Looking forward, Cyn Collins previews Bedlam’s typically ambitious upcoming production, The Turducken, which attempts to satirize dinner theater while serving you dinner and satirize cash-cow holiday shows while itself being a cash-cow holiday show. Also, the Union Park District Council informs us that on December 12, there will be “paranoia, banishment, and destructiveness” at a potluck-dinner reading of A Winter’s Tale.

“But wait,” as Ed Valenti would say. “There’s more!” Phillip Andrew Bennett Low reports on the Fringe-For-Fall, and statistician John Middleton introduces us to “Nancy,” the average theatergoer. She may or may not be into butoh.


This week the Daily Planet spotlighted two St. Paul independent bookstores: Garrison Keillor’s Common Good Books and Sixth Chamber, which might just be the most organized used bookstore in Minnesota. Political cartoonist Kirk Anderson is another St. Paul institution; Lydia Howell talks with Anderson about his new book Banana Republic: Adventures in Amnesia.

Other drummers on the book beat this week:
• Dwight Hobbes effuses about All Seriousness Aside, a collection of wry essays by Minnesota Law & Politics founder Bill White.
• Mary Turck says that Julie Landsman’s memoir Growing Up White had a positive affect—er, effect—on her.
• Phyllis Louise Harris writes about a new Hmong cookbook. If you’ve ever wondered why a people from the other side of the globe fit so well in Minnesota, take a look at the sample recipe Harris reprints: beef salad.
• And Pat Coleman picks the next two entries—chronicles of exploration—on his list of the 150 best Minnesota books, though a commenter calls him out as “Eurocentric.” He’s got 115 more to go…will Winona LaDuke make the list? Stay tuned!


It was a wild week for Dwight Hobbes, who first poured himself a triple-Jack straight and paraded around in the altogether listening to new music from Kymara, then indulged in the “nasty cheese” of Soulacious, “so funky someone need to open a window.” As if we weren’t all excited enough, Justin Schell wrote about the wall-to-wall multimedia stimulation at Project, Project. But really, no one was more stimulated this week than Tonic Sol-Fa, who had an invigorating on-air encounter with Don Shelby.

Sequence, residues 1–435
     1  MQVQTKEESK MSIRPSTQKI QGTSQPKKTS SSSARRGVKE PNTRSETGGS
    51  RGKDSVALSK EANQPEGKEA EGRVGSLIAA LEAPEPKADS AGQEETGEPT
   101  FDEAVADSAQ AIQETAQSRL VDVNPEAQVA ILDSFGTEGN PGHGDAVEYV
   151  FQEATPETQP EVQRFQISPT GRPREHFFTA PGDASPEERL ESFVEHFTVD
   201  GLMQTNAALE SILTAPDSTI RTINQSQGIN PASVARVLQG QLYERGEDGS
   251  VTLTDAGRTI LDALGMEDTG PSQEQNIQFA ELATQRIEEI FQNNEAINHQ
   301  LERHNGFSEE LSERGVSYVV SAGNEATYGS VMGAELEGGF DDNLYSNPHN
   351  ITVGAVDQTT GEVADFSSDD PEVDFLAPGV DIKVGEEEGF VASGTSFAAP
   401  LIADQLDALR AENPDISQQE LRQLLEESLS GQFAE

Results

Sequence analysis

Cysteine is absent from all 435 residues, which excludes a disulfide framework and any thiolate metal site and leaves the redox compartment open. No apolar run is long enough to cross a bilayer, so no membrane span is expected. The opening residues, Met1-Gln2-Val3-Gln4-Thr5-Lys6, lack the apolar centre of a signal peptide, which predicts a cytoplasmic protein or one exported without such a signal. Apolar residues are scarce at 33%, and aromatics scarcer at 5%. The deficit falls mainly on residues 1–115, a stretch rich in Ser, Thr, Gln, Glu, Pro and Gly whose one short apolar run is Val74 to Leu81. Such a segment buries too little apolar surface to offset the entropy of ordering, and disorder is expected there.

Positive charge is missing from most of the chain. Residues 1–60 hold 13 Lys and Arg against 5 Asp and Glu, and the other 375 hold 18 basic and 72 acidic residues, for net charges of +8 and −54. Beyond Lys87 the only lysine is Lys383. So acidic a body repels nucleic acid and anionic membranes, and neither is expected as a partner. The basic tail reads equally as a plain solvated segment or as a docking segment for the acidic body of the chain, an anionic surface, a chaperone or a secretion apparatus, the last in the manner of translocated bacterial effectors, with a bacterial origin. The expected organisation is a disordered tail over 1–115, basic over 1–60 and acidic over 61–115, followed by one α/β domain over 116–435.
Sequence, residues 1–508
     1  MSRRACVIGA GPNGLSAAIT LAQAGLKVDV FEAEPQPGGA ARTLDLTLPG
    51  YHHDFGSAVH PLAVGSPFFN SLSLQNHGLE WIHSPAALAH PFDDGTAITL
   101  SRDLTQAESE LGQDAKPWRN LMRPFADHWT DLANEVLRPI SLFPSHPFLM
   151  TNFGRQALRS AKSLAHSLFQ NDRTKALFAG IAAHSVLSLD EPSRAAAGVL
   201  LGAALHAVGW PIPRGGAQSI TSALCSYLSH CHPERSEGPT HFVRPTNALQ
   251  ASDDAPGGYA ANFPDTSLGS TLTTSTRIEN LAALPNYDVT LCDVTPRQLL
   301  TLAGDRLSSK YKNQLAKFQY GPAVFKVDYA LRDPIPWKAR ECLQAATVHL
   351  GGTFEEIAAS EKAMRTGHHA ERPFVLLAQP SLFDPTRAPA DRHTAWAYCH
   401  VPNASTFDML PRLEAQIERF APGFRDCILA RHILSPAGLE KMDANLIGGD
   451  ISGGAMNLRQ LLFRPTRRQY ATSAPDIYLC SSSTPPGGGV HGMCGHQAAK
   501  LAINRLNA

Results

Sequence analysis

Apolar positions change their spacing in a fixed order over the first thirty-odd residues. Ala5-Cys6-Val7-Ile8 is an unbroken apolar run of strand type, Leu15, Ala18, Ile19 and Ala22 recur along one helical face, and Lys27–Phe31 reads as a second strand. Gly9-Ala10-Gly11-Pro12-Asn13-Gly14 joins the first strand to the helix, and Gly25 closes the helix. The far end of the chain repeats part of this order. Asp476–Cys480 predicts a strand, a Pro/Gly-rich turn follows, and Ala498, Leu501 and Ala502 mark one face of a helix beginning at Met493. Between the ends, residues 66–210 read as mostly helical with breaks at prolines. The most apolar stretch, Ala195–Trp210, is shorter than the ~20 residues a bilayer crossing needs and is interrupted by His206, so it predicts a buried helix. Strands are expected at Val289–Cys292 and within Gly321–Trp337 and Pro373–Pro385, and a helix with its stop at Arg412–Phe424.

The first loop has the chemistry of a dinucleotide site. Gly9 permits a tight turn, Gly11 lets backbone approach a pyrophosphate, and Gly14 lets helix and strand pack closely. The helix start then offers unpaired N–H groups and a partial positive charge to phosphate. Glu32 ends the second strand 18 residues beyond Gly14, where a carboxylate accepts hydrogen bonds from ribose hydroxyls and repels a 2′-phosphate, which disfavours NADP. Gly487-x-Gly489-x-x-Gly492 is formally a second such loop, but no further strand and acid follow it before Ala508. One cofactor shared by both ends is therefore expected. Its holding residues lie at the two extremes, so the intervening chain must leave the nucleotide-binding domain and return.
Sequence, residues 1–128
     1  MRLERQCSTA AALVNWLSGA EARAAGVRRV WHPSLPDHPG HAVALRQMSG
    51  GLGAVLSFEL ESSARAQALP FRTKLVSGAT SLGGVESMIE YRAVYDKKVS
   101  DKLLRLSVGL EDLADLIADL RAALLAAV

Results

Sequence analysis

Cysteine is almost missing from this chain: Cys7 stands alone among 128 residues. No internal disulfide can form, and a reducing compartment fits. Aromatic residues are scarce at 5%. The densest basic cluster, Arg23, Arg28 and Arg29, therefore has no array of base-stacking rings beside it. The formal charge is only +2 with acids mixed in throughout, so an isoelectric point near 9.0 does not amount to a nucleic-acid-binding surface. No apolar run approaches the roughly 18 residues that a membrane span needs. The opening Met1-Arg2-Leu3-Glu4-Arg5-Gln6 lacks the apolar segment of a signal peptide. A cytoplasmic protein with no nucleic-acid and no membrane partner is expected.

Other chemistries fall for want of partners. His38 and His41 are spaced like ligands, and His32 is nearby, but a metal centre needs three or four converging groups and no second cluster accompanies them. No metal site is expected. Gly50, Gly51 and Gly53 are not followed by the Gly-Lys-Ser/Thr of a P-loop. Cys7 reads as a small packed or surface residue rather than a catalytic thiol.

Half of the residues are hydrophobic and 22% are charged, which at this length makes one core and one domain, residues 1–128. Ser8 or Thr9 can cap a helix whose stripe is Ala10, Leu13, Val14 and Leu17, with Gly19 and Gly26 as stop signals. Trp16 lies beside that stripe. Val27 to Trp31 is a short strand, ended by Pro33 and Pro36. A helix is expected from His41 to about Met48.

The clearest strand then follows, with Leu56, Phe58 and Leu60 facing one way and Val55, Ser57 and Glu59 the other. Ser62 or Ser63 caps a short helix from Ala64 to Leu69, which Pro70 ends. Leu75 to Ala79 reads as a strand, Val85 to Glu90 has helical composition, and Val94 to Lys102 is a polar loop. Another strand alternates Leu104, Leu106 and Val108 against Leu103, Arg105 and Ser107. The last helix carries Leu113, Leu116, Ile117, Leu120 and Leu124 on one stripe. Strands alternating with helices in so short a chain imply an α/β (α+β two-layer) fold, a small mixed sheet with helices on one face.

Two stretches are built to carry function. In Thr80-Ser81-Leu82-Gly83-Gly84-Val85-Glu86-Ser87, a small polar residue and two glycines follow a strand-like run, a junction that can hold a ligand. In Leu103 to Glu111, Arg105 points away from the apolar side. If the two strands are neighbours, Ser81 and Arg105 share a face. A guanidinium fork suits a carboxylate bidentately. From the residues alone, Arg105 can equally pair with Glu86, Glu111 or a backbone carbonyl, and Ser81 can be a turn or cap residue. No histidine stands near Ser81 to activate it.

In our most-read article this week, Beth Hammarlund—founder of l’etoile magazine and our newest blog partner A Tiny Machine—shares her very candid thoughts on the book that inspired the movie Twilight. Also in movies, Amy Danielson writes about the rediscovered anthology Six in Paris: a beautiful downer, screening this weekend at the Oak Street.


I rip for its neglect of many thrifty and hip places to eat and drink in St. Paul, which the site dismissively calls “a beautiful and quiet city.”

Visual Arts

Matt Peiken brought his video camera to MCAD, where students recently held their annual art sale and tried to drum up a few thousand bucks to make a short film about “one man’s attempt to bring the truth about a massive government weapons program conspiracy to the American people.” Do contributors get a cut of the profits? “No, this is to be considered a donation.”

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Jay Gabler ( is the Daily Planet’s arts editor.